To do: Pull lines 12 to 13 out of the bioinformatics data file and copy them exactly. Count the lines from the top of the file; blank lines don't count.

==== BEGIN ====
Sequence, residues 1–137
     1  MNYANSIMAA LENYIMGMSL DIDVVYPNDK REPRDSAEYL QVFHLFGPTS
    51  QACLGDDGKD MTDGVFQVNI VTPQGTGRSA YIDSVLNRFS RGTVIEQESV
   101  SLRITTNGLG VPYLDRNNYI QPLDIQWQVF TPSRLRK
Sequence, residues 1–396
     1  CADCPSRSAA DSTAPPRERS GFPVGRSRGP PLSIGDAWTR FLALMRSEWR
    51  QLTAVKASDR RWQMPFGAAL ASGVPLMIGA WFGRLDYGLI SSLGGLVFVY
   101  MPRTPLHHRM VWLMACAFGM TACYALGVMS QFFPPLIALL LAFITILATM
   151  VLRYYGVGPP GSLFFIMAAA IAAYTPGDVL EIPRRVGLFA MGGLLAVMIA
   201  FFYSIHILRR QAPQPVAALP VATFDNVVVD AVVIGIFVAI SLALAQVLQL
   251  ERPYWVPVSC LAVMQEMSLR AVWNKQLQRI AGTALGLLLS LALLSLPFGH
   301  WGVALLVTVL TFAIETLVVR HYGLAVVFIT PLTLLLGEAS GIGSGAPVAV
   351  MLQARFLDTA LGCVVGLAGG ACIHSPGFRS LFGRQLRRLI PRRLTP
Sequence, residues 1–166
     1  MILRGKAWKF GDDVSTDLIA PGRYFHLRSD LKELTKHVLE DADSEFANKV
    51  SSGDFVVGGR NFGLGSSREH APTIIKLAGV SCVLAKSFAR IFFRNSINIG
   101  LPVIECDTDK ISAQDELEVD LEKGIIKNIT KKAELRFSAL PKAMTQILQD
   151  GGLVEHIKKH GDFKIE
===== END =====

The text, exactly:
   301  WGVALLVTVL TFAIETLVVR HYGLAVVFIT PLTLLLGEAS GIGSGAPVAV
   351  MLQARFLDTA LGCVVGLAGG ACIHSPGFRS LFGRQLRRLI PRRLTP